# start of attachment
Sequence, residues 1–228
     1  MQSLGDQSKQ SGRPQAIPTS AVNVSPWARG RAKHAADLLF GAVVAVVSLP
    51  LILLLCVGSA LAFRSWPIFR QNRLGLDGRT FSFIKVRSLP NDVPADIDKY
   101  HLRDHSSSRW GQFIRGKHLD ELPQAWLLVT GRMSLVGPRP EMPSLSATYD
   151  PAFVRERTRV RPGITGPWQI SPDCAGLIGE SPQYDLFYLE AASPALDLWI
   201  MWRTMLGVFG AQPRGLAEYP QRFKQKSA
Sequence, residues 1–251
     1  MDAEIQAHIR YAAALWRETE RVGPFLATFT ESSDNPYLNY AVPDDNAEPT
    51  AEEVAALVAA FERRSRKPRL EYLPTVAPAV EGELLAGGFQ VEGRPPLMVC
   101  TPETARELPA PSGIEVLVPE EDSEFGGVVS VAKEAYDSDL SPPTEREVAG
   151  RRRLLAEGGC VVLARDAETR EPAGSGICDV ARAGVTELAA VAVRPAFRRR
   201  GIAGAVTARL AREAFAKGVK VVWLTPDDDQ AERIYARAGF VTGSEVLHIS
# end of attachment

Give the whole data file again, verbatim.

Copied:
Sequence, residues 1–228
     1  MQSLGDQSKQ SGRPQAIPTS AVNVSPWARG RAKHAADLLF GAVVAVVSLP
    51  LILLLCVGSA LAFRSWPIFR QNRLGLDGRT FSFIKVRSLP NDVPADIDKY
   101  HLRDHSSSRW GQFIRGKHLD ELPQAWLLVT GRMSLVGPRP EMPSLSATYD
   151  PAFVRERTRV RPGITGPWQI SPDCAGLIGE SPQYDLFYLE AASPALDLWI
   201  MWRTMLGVFG AQPRGLAEYP QRFKQKSA
Sequence, residues 1–251
     1  MDAEIQAHIR YAAALWRETE RVGPFLATFT ESSDNPYLNY AVPDDNAEPT
    51  AEEVAALVAA FERRSRKPRL EYLPTVAPAV EGELLAGGFQ VEGRPPLMVC
   101  TPETARELPA PSGIEVLVPE EDSEFGGVVS VAKEAYDSDL SPPTEREVAG
   151  RRRLLAEGGC VVLARDAETR EPAGSGICDV ARAGVTELAA VAVRPAFRRR
   201  GIAGAVTARL AREAFAKGVK VVWLTPDDDQ AERIYARAGF VTGSEVLHIS